Now the great American invention now has turned the church into a similar consumer enterprise. We have embraced culture’s way, not the Jesus Way.

We Americans have developed a culture of acquisition, an economy that is dependent on wanting more and requiring more. It is about getting our needs met. As a result, we have a huge advertising industry designed to stir up appetites and needs we didn’t even know we had. We are insatiable.

It didn’t take long for some of Christian to develop a way to meet those needs. In doing so, they created consumer-oriented congregations. If we have a nation of consumers, obviously the quickest and more effective way to get them into our congregations is to identify what they want and offer it to them, satisfy their felt needs and recast the gospel in consumer terms: entertainment, satisfaction, excitement, adventure, problem-solving are some examples. This is the language we Americans grew up on. It is the language we understand. We are the world’s champion consumers so why shouldn’t we have state-of-the-art consumer churches? (6) Church now is about getting my needs met and having a non-boring experience.

Alan Hirsch, in Forgotten Ways, The: Reactivating the Missional Church, argues a similar point. He states,

In the modern and postmodern situation, the church is forced into the role of being little more than a vendor of religious goods and services. And the end-users of the church’s services (namely, us) easily slip into the role of discerning individualistic consumers, devouring the religious goods and services offered by the latest and best vendor. Worship, rather than being entertaining through creatively engaging the hearts and minds of the hearers, now becomes mere entertainment that aims at giving the participants transcendent emotional highs, much like the role of the “feelies” in Aldous Huxley’s Brave New World, where people to the movies merely to get a buzz.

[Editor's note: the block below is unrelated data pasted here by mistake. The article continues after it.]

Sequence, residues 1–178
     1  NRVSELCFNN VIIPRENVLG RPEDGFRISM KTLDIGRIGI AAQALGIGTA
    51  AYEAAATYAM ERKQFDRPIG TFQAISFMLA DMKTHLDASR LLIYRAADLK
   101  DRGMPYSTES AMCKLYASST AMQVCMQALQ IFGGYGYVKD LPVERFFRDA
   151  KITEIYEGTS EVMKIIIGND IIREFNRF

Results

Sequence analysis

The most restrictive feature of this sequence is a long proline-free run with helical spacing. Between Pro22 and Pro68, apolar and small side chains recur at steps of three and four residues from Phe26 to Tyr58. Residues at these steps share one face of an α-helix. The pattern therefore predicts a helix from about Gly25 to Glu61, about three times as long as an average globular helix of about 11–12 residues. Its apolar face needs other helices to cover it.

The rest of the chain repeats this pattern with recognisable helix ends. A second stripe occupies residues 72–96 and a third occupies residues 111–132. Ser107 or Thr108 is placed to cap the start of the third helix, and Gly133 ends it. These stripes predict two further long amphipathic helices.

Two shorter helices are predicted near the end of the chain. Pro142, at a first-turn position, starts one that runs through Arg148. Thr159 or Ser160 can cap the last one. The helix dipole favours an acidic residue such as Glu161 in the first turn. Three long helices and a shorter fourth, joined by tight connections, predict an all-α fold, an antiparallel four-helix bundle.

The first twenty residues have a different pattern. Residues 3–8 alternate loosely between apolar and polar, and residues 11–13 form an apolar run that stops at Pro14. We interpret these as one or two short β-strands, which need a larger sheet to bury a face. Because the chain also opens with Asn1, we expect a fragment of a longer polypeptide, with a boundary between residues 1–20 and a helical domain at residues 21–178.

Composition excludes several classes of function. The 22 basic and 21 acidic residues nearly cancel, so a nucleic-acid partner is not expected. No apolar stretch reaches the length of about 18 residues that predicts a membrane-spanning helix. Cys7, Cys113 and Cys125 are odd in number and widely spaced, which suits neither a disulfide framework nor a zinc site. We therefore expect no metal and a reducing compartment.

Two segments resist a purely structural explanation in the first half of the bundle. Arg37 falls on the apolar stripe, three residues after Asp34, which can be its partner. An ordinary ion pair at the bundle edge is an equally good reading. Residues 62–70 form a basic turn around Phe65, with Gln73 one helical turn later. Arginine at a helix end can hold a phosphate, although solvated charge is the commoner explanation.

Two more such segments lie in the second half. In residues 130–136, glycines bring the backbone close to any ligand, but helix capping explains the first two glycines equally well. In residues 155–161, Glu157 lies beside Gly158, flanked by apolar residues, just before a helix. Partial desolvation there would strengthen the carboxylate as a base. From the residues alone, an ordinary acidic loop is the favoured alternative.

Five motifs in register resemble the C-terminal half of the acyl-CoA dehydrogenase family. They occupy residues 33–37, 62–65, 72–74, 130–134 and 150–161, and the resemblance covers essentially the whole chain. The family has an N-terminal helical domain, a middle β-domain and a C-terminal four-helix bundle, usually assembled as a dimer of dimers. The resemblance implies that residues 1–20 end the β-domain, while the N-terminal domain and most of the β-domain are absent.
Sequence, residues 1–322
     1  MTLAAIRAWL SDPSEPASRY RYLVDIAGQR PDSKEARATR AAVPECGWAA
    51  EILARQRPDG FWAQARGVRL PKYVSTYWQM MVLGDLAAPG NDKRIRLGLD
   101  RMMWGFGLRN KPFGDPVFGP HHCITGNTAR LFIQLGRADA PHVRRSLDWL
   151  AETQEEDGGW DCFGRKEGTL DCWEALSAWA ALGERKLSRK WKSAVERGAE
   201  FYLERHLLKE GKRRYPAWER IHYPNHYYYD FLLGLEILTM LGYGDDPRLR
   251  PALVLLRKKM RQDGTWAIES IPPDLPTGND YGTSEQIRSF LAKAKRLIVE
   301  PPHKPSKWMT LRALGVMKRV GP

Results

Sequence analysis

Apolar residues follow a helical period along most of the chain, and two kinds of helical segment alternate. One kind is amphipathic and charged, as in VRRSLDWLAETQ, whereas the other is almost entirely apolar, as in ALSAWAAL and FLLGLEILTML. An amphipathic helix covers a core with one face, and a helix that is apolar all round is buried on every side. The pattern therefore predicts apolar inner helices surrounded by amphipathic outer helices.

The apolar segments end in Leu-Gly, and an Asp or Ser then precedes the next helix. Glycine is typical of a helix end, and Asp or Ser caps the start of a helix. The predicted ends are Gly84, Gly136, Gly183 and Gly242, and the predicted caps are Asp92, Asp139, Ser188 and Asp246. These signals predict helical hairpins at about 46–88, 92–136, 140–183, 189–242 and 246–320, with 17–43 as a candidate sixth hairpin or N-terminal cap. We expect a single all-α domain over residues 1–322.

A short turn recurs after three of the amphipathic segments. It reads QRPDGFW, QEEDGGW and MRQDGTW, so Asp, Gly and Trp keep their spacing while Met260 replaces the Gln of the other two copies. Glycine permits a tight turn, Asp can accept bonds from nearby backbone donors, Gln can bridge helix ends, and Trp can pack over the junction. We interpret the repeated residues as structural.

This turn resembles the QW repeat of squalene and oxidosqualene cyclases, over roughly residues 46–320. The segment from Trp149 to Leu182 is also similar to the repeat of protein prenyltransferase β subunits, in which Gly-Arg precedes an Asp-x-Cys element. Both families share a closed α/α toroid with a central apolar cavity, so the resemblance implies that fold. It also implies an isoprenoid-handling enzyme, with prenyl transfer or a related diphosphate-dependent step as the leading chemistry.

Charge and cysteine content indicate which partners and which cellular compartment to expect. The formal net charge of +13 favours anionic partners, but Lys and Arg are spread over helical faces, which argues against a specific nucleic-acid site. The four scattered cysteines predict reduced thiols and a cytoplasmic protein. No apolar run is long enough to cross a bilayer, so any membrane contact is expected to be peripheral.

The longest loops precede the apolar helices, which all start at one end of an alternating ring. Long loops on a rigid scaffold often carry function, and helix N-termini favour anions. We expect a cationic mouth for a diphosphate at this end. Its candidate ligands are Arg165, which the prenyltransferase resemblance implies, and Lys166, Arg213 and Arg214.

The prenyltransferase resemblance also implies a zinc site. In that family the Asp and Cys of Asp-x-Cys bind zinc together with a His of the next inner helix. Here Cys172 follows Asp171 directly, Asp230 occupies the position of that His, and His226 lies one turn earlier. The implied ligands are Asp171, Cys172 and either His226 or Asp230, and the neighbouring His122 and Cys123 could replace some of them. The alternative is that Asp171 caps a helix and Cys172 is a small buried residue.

Church growth exponents have explicitly taught us how to market and tailor the product to suit target audiences. They told us to mimic the shopping mall, apply it to church, and create a one-stop shopping experience catering to our every need. In this they were sincere and well intentioned, but they must have been also totally ignorant of the ramifications of their counsel – because in the end the medium has so easily overwhelmed the message. (7)

He goes on to say:

Speaking to the insecurity of the human situation, it was Jesus who said “So do not worry, saying, ‘What shall we eat?’ or ‘What shall we drink?’ or ‘What shall we wear?’ For the pagans run after all these things, and your heavenly Father knows that you need them. But first seek his kingdom and his righteousness, and all these things well be given to you as well” (Matt. 6:31-33, emphasis mine). Consumerism is thoroughly pagan. Pagans run after these things. (8)

The way of church is as important as who is behind the church.

In the wilderness setting of Matthew 4, we find the enemy trying to divert Jesus not from the end (or goal) but the way. Satan is not concerned with the end, because the end is not important if the way isn’t followed. In fact, the end is different if the way is not followed. Therefore, he attempts to keep Jesus from following God’s way.